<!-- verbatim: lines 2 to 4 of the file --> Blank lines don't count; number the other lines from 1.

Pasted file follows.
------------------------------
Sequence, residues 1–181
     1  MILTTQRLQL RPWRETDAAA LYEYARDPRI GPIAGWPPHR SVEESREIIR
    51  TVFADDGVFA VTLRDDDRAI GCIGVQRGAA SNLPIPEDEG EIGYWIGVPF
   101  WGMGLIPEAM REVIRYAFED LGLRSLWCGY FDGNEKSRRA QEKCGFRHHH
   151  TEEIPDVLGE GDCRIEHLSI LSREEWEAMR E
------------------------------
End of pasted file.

     1  MILTTQRLQL RPWRETDAAA LYEYARDPRI GPIAGWPPHR SVEESREIIR
    51  TVFADDGVFA VTLRDDDRAI GCIGVQRGAA SNLPIPEDEG EIGYWIGVPF
   101  WGMGLIPEAM REVIRYAFED LGLRSLWCGY FDGNEKSRRA QEKCGFRHHH